The ZEB project is a collaborative research and development (R&D) effort between BCA, the National University of Singapore, the Solar Energy Research Institute of Singapore and partners from the private sector, DP Architects, Beca Carter and Davis Langdon & Seah. It received R&D funding from the Ministry of National Development (MND) Research Fund for the Built Environment and the Singapore Economic Development Board’s (EDB) Clean Energy Research Test-bedding (CERT) Programme. As part of EDB’s CERT Programme, the ZEB will be used as a test centre for clean energy technologies.

The building received the IES Prestigious Engineering Achievement Award from the Institute of Engineers Singapore, and has been recognized as an Outstanding Achievement Project, in addition to the MND Minister's Team Award for Singapore Green Building Week and Zero Energy Building, BCI Green Design Award (Green Leadership Award - Institutional Architecture) and The Aspen Institute Energy and Environment Award (Government Award). This Zero Energy Building was one of the first buildings to fulfill the government of Singapore’s ambitious plans in terms of green building: Singapore plans to make 80 percent of all buildings in the island state green by 2030.

Energy Efficient Envelope • Low-e glass - unlike normal clear glass, it has a special low emissivity coating. This increases the energy efficiency of windows by reducing the transfer of solar radiation through glass.

• Shading devices - with strategically placed shading devices, there is a significant reduction of solar heat gain and improvement of the quality of natural lighting within ZEB.

Lighting System Using various features such as energy efficient lamps, automatic switching via photosensors and daylighting, there is a marked reduction in energy required for artificial lighting within ZEB.

Active Control and Management The ZEB has an advanced Building Management System to control, monitor and manage all the equipment installed in the building. With close monitoring of usage and occupancy patterns, energy use can be optimised while maintaining comfort and functionality.

Air-Conditioning System Through technologically advanced chillers, variable speed drives, and personalised ventilation systems, there is about 40% reduction in energy required for the air-conditioning of the building.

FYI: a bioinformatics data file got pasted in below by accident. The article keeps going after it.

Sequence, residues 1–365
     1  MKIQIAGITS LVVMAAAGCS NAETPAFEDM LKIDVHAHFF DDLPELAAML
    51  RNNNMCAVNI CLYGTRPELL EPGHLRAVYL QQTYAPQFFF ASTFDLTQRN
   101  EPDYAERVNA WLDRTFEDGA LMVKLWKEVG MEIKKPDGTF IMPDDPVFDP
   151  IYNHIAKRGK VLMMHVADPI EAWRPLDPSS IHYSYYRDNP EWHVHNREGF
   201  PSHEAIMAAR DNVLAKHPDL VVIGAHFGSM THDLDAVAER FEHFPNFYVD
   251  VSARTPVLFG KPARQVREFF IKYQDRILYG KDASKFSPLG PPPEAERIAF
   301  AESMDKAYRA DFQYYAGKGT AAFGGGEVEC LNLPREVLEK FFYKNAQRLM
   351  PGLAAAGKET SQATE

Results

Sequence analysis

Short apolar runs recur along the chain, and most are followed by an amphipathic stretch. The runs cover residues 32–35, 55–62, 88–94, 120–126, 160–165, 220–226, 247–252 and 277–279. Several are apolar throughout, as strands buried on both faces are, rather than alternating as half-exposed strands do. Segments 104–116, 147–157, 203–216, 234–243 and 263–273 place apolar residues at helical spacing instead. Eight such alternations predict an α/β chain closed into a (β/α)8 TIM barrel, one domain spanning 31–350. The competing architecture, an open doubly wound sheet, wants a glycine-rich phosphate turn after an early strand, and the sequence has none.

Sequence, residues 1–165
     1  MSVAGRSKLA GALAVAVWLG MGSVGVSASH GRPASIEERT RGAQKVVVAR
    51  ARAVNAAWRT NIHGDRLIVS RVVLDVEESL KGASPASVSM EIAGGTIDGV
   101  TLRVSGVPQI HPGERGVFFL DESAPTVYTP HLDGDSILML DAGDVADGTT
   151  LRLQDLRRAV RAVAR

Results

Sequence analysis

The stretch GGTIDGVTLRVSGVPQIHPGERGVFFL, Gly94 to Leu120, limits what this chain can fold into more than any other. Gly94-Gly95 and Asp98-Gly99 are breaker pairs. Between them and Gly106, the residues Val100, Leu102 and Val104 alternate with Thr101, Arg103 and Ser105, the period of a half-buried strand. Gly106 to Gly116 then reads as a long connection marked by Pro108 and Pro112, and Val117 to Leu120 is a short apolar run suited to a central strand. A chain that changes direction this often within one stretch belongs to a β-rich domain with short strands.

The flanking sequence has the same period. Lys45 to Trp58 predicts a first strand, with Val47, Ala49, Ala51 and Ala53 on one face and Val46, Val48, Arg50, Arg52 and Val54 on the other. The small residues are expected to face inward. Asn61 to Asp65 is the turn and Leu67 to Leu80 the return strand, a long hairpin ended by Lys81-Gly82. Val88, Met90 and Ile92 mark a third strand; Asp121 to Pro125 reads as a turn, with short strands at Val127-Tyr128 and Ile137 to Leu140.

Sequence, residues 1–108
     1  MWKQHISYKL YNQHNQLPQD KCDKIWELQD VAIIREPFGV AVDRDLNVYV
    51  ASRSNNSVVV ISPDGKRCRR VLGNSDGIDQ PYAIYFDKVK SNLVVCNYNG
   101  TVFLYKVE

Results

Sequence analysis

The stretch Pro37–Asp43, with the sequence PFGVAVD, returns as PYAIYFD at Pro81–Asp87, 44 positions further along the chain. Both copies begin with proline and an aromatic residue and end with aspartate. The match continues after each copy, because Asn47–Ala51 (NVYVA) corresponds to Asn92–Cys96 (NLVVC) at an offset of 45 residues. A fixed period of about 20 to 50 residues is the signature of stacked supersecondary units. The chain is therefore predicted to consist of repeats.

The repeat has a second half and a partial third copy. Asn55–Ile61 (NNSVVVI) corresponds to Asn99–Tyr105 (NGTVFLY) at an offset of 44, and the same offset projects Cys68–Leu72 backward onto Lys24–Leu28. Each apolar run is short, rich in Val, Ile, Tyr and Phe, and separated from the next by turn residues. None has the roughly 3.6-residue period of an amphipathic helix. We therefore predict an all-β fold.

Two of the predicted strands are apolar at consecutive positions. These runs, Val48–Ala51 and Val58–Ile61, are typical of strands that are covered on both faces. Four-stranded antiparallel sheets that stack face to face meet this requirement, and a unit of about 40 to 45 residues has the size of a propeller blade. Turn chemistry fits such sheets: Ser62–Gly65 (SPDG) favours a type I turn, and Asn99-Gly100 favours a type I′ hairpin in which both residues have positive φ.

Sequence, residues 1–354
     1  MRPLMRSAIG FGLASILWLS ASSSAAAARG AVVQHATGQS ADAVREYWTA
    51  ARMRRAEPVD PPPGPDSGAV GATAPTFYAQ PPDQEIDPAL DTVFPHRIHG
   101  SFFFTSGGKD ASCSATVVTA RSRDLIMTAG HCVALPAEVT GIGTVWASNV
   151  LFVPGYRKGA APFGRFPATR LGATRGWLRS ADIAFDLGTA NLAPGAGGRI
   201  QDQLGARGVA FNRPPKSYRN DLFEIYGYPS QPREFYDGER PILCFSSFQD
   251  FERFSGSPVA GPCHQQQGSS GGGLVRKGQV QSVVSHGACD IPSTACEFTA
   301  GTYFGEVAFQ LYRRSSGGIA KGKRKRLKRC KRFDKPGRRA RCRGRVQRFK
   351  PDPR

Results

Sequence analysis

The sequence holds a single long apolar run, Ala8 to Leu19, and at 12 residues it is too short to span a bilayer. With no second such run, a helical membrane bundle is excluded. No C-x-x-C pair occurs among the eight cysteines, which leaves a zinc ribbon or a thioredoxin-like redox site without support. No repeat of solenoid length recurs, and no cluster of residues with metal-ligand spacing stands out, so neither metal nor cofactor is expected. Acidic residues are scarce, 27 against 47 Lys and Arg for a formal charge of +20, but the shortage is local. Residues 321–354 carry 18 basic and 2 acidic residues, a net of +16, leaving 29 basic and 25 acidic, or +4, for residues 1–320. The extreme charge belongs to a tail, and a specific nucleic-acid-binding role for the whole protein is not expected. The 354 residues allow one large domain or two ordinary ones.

Fully Powered by the Sun All three generations (1G, 2G & 3G) of photovoltaic systems will be installed to harness energy from the sun to generate electricity and power all the appliances and lighting in the ZEB.


• Cells made from silicon wafer

• Types: monocrystalline silicon, polycrystalline silicon

• High efficiency and requiring less surface area to generate electricity but more expensive to manufacture

• Suitable for rooftops and integration into building façade and skylight


• Thin-film deposits of semiconductors

• Types: amorphous silicon, copper indium selenide/sulphide

• Flexible, lightweight, less silicon intensive and aesthetically pleasing

• Suitable for rooftops and integration into building façade and skylight


• Departure from 1G and 2G which are silicon-based technologies, promising new approach currently under commercial development

• Flexible, lightweight and aesthetically very pleasing

• Types: Dye-sensitised solar cells, polymer solar cells, photo electrochemical cells, nanocrystal cells

• Suitable for integration into building façade and skylight

Natural Daylighting and Ventilation Systems

Mirror Ducts
A simple system that uses ducts made of a highly reflective material to bring natural light into the space, enabling a considerable energy natural light, enabling improved energy consumption. There are no mechanical parts involved and no power is required.

Mirror ducts capture zenith daylight (which is brighter than lateral daylight) through external collectors. Light is channeled into horizontal reflective ducts within the false ceiling which then exits through the ceiling apertures above a user, into the workspace below. Such light is usually glare-free.